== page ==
• The southwest monsoon season, which contributes 70% of the country’s annual average rainfall and drives Kharif cultivation, heavily relies on the performance of rain-bearing atmospheric systems originating in the Bay of Bengal.
  • Central India serves as a natural laboratory for studying these monsoonal patterns due to its direct exposure to major rain-bearing synoptic systems and relatively low levels of pollutants.

Objectives and Functionality of ART:

  • The primary objective of ART is to bridge the gap in understanding the role of synoptic systems and associated cloud physics in influencing monsoon rainfall, especially in the context of climate change-induced erratic rainfall patterns.
  • Through long-term observations on cloud microphysics, precipitation, convection, and land-surface properties, scientists aim to generate valuable data for assimilation into numerical weather models.
  • This data-driven approach holds promise in enhancing rainfall forecasts, thereby aiding agricultural planning and mitigating risks for farmers.


  • The establishment of ART-CI represents a significant stride in India’s atmospheric research endeavors, particularly in understanding the complexities of monsoon dynamics.
  • By leveraging cutting-edge technology and focused observational research, ART-CI holds the potential to contribute significantly to weather forecasting accuracy, benefiting agricultural practices and enhancing disaster preparedness in the face of changing climatic patterns.
Why was Silkheda in Sehore district chosen for its establishment?

1. India receives about 70% of its annual rainfall during the June to September southwest monsoon season.

2. The rainfall is sustained by the interaction between southwest monsoon winds and westward-moving low-pressure systems or depressions.

3. Agriculture in the central Indian regions, spanning from Gujarat to West Bengal, relies heavily on this rain.

4. Silkheda in Sehore is strategically located in the path of rain-bearing systems, making it perfect for studying their characteristics and cloud properties.

Practice Question:  Discuss the significance of the Atmospheric Research Testbed in Central India (ART-CI). How does ART-CI contribute to India’s scientific research landscape, and what are the broader implications of such initiatives for sustainable development and climate resilience? (250 words/15 m)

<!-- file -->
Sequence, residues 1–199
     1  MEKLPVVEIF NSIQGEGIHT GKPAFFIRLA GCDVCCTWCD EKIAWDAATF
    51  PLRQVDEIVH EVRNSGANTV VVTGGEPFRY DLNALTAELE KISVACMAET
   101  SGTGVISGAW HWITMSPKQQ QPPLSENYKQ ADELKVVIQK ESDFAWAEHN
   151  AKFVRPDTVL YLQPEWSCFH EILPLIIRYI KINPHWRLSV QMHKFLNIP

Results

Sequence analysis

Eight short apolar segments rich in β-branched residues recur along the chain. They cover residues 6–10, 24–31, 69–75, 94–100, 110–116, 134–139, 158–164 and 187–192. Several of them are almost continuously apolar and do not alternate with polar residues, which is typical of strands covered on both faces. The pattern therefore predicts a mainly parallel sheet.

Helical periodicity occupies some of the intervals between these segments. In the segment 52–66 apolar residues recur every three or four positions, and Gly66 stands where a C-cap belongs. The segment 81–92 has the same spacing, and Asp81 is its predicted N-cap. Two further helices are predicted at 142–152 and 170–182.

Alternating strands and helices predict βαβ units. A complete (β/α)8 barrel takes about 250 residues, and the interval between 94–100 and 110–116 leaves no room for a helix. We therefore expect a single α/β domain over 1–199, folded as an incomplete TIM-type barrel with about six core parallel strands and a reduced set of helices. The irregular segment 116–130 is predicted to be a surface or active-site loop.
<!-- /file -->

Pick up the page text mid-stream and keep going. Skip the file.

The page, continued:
6. Report Reveals Presence of Thousands of Undisclosed Chemicals in Plastics, Raising Concerns over Human Health and Environmental Safety

Topic: GS3 – Environment – Environmental pollution and degradation

This topic is relevant for both Prelims and Mains in the context of understanding the environmental impact of plastics and the chemicals they contain.


  • A recent report published by European scientists has shed light on the presence of thousands of previously unidentified chemicals in plastics, far surpassing previous estimates by environmental agencies.
  • This revelation has sparked concerns regarding pollution and consumer safety, raising pertinent questions about the potential hazards posed by these chemicals in various plastic products.
More about the news:

Extent of Chemicals in Plastics:

  • Contrary to earlier estimates by the United Nations Environment Programme (UNEP) identifying approximately 13,000 plastic chemicals, the report identifies over 16,000 chemicals in plastics.
  • Alarmingly, a quarter of these chemicals are believed to pose risks to human health and the environment, highlighting the magnitude of the issue at hand.
  • Experts of the Food Packaging Forum underscores the gravity of the situation, emphasizing that many of these chemicals have been linked to adverse health outcomes, including fertility issues and cardiovascular diseases.

Implications for Human Health and Environment:

  • Experts underscores the widespread presence of these chemicals in daily-use plastic products.
  • This ubiquitous exposure raises concerns about the potential health impacts on individuals, as the cumulative effect of exposure to numerous chemicals remains largely unknown.
  • Moreover, the report underscores the urgent need to address the risks associated with these chemicals, emphasizing the inadequacy of solely focusing on plastic waste management without addressing the underlying issue of chemical hazards.

Challenges and Industry Response:

  • While the plastics industry advocates for global treaties promoting recycling and re-use of plastic, the report cautions against viewing waste management measures as a panacea for addressing chemical risks.
  • Merely addressing plastic waste does not adequately safeguard human health, necessitating a comprehensive approach to address the proliferation of hazardous chemicals in plastics.
  • This underscores the need for robust regulatory frameworks and stringent quality standards to mitigate the risks posed by these chemicals to both human health and the environment.


  • The findings of the report underscore the pressing need for concerted action to address the proliferation of chemicals in plastics and mitigate their adverse impacts on human health and the environment.